Eavesdropping so engrossing that it can make you deaf

Eavesdropping so engrossing that it can make you deaf

Eavesdropping so engrossing that it can make you deaf

Many may not admit it, but eavesdropping is so engrossing that majority of the people listening to girlish gossip fail to notice even if a man says something very unusual like "I am a gorilla", a new study says.

Researchers from Royal Holloway, University of London, found that more than two thirds of those eavesdropping on the women failed to notice a man chanting "I am a gorilla" repeatedly for 19 seconds over the conversation.

The study, published in the journal Cognition, was an example of how intense conversation can leave us 'deaf' to the world around us, the researchers said.

A famous study from 1999, in which people watching a basketball game failed to spot a man walk through in a gorilla suit and beat his chest, revealed how focusing on one thing can leave us "blind" to events happening right in front of us.

But this study is the first to show that hearing is similarly affected, the Daily Mail reported.

The researchers placed two men at a table in a room and two women at another table and recorded them talking about getting ready for a party.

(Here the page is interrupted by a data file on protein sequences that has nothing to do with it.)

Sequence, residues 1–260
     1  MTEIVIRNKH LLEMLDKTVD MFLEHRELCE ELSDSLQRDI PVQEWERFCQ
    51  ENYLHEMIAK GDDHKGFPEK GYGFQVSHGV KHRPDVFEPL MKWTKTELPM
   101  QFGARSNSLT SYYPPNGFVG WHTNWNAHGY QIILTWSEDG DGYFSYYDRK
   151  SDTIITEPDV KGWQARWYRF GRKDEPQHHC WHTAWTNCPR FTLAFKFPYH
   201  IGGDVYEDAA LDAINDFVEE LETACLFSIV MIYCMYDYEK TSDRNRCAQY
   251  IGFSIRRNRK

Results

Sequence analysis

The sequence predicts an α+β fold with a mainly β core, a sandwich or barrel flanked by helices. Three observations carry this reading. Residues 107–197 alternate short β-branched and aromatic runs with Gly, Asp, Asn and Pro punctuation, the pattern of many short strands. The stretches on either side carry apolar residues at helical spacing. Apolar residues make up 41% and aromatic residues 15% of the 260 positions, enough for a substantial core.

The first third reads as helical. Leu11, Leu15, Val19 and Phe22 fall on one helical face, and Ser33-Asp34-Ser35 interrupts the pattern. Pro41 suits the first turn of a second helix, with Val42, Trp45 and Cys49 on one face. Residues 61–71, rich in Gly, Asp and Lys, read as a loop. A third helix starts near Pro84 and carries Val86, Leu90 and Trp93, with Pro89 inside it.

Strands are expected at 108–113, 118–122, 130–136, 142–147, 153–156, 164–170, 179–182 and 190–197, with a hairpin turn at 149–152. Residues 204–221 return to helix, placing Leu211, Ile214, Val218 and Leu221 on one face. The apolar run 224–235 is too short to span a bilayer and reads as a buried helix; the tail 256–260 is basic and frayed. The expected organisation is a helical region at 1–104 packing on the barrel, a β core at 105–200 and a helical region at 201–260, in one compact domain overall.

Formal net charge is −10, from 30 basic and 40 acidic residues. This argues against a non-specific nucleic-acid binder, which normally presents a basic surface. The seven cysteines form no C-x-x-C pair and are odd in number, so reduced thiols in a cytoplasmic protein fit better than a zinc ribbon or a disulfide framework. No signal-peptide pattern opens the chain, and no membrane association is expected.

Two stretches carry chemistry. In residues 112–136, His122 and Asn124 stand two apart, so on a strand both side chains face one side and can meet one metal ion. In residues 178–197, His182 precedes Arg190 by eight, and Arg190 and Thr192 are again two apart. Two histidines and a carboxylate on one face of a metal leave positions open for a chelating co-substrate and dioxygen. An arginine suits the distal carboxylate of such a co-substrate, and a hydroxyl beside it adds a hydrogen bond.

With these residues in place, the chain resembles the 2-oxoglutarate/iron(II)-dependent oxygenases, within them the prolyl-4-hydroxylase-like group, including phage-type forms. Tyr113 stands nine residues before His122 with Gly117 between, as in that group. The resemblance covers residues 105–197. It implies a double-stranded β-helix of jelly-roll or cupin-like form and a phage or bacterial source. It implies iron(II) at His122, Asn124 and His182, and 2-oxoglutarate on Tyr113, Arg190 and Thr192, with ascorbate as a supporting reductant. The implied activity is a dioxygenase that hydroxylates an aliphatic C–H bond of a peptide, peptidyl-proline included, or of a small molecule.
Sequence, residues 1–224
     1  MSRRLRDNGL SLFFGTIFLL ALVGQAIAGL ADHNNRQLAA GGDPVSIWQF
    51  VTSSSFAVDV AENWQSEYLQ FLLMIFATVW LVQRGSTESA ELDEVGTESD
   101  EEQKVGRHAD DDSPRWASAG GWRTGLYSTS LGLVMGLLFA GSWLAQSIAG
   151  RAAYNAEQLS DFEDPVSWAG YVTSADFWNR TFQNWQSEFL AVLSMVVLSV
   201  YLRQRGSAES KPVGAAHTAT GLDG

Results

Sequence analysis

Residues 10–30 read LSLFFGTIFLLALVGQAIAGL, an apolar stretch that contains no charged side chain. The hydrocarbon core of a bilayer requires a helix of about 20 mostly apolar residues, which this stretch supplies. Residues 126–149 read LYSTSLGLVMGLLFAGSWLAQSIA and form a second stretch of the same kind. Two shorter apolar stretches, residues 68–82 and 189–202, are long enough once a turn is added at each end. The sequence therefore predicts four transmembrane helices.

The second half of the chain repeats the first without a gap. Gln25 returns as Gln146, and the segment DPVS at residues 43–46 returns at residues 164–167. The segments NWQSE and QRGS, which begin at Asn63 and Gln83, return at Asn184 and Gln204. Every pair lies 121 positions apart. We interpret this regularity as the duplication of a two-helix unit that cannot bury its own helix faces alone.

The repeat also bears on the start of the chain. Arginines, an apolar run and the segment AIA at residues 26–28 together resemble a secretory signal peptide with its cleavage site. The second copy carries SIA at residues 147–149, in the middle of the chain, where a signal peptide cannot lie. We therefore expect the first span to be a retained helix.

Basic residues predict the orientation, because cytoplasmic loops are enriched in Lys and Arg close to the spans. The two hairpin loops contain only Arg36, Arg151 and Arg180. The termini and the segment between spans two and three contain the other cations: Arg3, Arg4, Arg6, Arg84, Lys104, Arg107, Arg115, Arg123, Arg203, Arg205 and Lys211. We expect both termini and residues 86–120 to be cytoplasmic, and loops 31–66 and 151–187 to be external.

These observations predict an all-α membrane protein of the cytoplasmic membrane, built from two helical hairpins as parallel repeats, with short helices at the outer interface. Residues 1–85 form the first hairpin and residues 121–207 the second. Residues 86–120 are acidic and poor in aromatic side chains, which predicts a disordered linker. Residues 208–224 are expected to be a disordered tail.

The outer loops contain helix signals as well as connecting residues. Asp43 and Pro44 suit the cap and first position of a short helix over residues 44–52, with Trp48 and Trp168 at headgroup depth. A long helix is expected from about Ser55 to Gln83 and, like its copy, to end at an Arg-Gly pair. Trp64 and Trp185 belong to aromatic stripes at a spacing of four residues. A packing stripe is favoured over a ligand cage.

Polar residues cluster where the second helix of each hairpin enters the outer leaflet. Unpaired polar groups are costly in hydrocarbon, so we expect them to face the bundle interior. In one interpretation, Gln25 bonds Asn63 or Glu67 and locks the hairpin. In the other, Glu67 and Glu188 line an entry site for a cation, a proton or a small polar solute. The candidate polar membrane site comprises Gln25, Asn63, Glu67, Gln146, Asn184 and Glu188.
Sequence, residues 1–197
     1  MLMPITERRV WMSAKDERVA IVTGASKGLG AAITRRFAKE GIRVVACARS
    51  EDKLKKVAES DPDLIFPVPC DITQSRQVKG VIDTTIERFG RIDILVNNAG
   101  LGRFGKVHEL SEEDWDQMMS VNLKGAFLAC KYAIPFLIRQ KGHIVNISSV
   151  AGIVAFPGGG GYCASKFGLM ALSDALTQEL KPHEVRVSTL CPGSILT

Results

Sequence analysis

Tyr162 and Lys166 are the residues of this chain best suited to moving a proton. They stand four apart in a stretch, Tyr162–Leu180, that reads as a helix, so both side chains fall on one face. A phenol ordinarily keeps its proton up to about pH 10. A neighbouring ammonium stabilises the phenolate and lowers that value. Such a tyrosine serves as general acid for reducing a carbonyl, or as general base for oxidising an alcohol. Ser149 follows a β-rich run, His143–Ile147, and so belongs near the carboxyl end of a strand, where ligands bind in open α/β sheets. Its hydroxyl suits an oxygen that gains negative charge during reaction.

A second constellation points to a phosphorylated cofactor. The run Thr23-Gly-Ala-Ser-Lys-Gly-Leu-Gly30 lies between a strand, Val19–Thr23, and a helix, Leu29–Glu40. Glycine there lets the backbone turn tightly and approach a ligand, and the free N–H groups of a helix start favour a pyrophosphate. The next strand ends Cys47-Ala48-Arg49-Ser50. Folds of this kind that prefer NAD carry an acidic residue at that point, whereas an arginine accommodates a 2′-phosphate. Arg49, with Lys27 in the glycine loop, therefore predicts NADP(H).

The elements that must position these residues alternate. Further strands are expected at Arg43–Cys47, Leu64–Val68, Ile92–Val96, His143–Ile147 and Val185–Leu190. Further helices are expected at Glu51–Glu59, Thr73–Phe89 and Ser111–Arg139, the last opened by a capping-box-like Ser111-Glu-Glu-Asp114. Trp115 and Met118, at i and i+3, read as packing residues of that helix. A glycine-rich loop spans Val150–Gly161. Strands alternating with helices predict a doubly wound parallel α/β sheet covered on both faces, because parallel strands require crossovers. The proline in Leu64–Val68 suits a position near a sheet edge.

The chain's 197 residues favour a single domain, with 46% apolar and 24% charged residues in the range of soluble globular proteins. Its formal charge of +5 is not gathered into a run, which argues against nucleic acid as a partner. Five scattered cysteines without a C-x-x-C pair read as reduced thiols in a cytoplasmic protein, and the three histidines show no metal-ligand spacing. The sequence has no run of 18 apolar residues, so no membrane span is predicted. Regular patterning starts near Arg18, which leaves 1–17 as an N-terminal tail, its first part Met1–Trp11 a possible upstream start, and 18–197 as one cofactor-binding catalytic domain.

Some of their conversation overlapped.

Halfway into the recording, a man walked through the room, repeating the phrase "I am a gorilla".

The recording was then played to a group of volunteers.

Some listened to the women’s conversation and others to the men’s, believing they would be asked afterwards about what had been said.

In fact, they were asked if they had heard anything unusual -- and only 30 per cent of those listening to the women spotted the interloper, the researchers said.

Lead researcher, psychologist Dr Polly Dalton, said: "This research demonstrates that we can miss even very surprising and distinctive sounds when we are paying attention to something else.

"We were surprised to find such extreme effects with a listening task because people often think of hearing as an 'early warning system' that can alert us to unexpected events that occur out of sight.

"This has real-world implications in suggesting, for example, that talking on your mobile phone is likely to reduce your awareness of traffic noises."

Interestingly, the researchers found that almost of all those listening to the men’s conversation heard the "gorilla" man.

They said they could have been more "tuned in" to a male voice.

He had also been slightly closer to the men’s table.